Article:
My point here is, if you've never heard of this sort of discussion, to let you in it so some arrogant know-it-all doesn't call you out as stupid or heretical because "you didn't know." But they probably do have the weight more on their side. Both the more historic Christian position and the predominant view of the New Testament is that eternity will be down here on a renewed earth.

I thought you'd like to know, if you hadn't heard :-)

Friday, May 10, 2013

Notes on Luther 1

Some day I would like either to blog or write through church history. This was my last week doing the Bible-theology-church history for a leadership class and we ended with a recap of Luther.  I haven't done nearly enough research on Luther for it to count fully, but I thought I would put down some notes from today that I could pick up at some point in the future.

1. In hindsight, we tend to see the factors leading up to a major event out of proportion to their significance at the time. If we are involved in an event, we may get some hindsight. If we are outsiders, we will tend to see the lead up to an event in a skewed way. For example, was there truly any failing in not catching the Boston Marathon bombers beforehand? There may be room for improvement, but was the process of vigilance at the time normal and appropriate? After all, we have to balance the free life we all enjoy as Americans with threats like these.

So it surely could not even have occurred to Luther that he might start a new church or a movement of withdrawal from the Roman Catholic Church. It simply wasn't even conceivable, surely. Luther thought a number of things were wrong with his church--his church, the church, the only church. He hoped they could be corrected. He was not trying to leave. That simply wasn't on anyone's radar.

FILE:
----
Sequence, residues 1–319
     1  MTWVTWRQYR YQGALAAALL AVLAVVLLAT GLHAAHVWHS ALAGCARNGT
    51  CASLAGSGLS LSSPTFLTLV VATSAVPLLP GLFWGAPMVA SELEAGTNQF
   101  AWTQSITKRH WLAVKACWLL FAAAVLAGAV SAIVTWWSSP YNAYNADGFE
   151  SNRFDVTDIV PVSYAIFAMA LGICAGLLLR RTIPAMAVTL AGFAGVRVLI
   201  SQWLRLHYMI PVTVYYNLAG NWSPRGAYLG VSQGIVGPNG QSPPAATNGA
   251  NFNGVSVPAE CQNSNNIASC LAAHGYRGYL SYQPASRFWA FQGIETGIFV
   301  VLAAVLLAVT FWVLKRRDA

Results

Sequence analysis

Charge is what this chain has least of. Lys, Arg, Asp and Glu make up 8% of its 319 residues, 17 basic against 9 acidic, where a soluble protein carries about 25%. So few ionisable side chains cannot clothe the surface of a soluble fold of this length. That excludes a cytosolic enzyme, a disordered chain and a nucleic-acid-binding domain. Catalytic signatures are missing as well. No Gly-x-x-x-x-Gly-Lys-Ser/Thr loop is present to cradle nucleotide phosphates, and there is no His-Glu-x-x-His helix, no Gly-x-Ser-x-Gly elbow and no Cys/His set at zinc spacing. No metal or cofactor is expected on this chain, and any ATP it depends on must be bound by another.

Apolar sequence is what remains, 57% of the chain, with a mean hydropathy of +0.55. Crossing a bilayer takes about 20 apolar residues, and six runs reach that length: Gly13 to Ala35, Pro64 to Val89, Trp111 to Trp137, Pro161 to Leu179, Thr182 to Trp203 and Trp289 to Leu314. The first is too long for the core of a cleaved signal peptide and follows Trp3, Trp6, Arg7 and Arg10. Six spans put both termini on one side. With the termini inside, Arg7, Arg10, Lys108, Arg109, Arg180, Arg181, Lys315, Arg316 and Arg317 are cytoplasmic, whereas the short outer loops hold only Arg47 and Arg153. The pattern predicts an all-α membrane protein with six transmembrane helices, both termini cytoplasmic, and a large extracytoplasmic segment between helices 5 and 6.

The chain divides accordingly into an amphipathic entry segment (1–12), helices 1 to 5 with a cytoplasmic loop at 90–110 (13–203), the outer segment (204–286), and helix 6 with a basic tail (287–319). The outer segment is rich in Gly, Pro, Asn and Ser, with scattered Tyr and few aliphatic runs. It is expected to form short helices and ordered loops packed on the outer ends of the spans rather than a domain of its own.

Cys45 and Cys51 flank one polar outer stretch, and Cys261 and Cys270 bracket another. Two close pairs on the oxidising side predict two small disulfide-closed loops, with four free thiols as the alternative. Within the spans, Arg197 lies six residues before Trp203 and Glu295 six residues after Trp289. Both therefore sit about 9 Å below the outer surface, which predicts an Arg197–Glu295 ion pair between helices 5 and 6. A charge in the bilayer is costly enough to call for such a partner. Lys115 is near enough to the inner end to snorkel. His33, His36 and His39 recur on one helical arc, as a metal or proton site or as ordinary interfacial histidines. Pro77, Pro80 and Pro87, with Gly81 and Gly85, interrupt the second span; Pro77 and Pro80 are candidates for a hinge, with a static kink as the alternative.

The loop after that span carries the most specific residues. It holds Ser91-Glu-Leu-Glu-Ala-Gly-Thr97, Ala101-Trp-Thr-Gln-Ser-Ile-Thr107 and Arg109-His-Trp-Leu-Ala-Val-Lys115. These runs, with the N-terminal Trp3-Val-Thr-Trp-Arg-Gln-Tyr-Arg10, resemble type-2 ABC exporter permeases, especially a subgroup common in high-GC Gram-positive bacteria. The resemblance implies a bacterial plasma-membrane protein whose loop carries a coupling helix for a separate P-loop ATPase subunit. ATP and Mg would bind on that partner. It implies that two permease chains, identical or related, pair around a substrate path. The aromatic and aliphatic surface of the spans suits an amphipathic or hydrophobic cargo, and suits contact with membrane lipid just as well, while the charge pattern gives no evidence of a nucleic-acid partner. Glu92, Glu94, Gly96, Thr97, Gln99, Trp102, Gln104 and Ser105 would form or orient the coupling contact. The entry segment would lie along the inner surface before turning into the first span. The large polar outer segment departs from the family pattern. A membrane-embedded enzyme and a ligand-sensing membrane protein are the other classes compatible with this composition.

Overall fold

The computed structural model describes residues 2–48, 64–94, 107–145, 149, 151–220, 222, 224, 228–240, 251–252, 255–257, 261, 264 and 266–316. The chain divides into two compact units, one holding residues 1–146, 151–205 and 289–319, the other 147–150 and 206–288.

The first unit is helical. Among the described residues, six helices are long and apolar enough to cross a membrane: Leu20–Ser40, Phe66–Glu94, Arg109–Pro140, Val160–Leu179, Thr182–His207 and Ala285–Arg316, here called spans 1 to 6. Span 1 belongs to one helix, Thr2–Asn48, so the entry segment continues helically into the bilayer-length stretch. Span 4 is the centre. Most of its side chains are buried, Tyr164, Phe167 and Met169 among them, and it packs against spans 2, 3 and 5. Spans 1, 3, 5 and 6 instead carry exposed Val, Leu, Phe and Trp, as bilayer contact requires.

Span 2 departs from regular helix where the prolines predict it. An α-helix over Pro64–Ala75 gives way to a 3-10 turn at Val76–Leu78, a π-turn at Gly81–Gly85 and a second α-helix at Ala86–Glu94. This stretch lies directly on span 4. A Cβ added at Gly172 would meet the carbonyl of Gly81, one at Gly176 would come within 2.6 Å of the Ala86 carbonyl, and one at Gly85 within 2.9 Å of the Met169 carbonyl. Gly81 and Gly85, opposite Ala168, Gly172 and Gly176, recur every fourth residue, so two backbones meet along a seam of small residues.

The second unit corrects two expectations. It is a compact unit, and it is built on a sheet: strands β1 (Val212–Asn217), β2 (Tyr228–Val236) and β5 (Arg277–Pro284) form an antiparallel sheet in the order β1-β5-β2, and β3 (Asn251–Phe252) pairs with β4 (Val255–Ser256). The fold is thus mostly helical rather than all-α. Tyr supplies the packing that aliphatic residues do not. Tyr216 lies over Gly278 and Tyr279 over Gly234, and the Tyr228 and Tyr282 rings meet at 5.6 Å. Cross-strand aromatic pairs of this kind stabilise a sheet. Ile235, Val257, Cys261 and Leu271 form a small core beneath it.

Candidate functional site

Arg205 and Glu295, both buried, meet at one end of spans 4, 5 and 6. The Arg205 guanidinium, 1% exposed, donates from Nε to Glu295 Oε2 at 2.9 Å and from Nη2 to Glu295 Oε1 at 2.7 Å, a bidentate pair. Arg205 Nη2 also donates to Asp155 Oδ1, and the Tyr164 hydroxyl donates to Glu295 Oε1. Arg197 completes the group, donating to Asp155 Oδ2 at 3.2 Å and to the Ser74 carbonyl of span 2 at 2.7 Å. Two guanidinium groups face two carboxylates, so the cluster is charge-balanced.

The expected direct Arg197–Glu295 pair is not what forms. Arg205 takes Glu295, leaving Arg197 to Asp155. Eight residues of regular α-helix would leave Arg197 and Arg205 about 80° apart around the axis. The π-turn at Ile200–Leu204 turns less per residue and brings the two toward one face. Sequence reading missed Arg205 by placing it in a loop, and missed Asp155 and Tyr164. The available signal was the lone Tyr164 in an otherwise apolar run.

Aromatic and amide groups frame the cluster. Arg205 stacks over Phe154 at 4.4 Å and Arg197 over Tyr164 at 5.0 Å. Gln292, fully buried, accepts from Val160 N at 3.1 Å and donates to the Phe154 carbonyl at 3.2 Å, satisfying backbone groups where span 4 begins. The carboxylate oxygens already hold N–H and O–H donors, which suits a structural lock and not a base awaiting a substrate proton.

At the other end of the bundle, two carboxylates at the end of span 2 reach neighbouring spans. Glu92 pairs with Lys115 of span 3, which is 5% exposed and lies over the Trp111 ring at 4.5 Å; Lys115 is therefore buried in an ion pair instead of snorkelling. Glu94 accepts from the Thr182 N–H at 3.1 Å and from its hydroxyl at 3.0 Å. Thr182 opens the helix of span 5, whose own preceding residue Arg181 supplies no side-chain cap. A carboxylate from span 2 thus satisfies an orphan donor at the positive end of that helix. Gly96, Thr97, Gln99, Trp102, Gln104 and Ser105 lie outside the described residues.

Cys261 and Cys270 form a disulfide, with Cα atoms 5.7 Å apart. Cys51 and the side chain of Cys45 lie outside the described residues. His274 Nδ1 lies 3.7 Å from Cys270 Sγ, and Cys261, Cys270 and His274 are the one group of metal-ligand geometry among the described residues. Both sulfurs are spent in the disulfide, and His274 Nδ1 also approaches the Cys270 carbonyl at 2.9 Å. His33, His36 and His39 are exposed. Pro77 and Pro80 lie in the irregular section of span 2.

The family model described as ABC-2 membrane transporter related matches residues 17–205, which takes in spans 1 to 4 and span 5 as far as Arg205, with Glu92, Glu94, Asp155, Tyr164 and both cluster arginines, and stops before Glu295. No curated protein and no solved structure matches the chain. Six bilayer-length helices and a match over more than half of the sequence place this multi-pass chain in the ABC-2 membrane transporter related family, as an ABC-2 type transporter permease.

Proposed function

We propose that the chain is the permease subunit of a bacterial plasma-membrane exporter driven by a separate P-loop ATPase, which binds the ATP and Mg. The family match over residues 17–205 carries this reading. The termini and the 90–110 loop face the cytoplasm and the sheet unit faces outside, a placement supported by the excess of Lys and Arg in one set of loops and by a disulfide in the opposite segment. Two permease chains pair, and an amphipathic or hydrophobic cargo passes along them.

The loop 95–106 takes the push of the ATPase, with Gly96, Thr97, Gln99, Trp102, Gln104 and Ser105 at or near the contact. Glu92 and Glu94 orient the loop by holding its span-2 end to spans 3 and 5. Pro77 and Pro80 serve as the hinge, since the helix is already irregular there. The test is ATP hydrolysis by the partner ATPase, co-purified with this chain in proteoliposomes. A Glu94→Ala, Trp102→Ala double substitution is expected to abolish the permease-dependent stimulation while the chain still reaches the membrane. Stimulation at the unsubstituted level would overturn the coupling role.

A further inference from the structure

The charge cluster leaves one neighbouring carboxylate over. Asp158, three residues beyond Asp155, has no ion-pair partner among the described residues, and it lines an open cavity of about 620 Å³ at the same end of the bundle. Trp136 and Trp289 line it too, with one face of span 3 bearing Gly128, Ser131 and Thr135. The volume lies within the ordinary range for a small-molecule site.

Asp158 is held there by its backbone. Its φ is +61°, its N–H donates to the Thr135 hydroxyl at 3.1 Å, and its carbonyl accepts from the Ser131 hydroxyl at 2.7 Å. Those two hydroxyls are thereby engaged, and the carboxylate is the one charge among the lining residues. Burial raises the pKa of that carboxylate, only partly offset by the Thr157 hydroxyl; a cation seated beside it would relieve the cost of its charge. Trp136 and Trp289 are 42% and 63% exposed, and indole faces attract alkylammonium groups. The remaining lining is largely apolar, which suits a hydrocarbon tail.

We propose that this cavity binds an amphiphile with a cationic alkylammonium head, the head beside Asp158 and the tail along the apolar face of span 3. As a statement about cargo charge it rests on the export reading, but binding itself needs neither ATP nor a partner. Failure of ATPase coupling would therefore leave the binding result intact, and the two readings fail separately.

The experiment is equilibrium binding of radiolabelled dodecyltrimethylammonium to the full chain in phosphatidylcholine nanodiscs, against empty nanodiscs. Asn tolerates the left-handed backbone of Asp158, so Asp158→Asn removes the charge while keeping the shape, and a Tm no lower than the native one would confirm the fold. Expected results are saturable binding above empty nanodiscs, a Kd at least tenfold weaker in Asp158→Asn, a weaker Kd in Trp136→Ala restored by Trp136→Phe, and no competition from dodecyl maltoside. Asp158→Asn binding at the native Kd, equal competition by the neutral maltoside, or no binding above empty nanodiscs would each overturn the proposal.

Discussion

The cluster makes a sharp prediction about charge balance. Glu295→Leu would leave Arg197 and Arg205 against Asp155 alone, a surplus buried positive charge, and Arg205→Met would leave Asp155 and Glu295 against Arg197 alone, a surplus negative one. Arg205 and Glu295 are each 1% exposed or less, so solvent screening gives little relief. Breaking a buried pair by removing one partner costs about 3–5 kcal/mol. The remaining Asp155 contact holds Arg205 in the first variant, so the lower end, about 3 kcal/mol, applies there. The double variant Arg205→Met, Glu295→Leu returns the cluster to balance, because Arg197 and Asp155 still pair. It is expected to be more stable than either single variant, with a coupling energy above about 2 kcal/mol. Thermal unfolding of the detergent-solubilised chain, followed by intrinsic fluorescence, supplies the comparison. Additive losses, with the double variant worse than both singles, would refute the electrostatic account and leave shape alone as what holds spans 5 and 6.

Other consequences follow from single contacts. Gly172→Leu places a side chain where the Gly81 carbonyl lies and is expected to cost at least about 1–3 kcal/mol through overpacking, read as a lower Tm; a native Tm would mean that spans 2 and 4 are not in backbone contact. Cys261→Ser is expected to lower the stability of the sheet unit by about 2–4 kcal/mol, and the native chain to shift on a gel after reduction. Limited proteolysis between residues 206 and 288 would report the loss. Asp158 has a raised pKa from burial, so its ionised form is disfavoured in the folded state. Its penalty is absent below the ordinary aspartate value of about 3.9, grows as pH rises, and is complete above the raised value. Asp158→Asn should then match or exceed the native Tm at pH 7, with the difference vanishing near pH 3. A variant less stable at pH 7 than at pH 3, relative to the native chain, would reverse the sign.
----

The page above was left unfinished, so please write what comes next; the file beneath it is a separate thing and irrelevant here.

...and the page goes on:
2. Luther was a medieval person.  He was a decidedly pre-modern individual.  When there was a thunderstorm, he didn't think of barometric pressure, electric charges, or condensation. He thought of spirits and demons. The line that we may draw so solidly with Luther is hindsight.  He was not born in the modern age.

He committed to become a monk in a bad thunderstorm, calling on St. Anne for protection.

3. I imagine Luther's brief encounter with Rome in 1510, before that fateful day in 1517, had a major effect on him. What he saw in Rome was a world that seemed to have little to do with the kingdom of God. He saw the resources of peasants being spent on opulence. He saw a materialistic world that was not focused on spiritual things. Perhaps he saw immorality.

Basically, he saw a building project (St. Peter's) supported by the doctrine of purgatory and indulgences.  You pay money, the Pope gives you time out of purgatory. Our ideas rarely exist in some Platonic vacuum. This experience no doubt had a major impact on Luther's drive to find a way theologically to do away with indulgences. We shouldn't think that his ideas of "faith alone" and "Scripture alone" came out of nowhere. They followed naturally from his concrete hatred of the injustice he saw in papal indulgences.

3. In Luther's own words, he hated the idea of the idea of "righteousness of God" in Romans 1:17 because he heard in it the "justice of God" (iustitia dei).  Perhaps his hatred here also related to his hatred of the idea of purgatory, the place where God's justice was allegedly satisfied. He kept his monastic vows.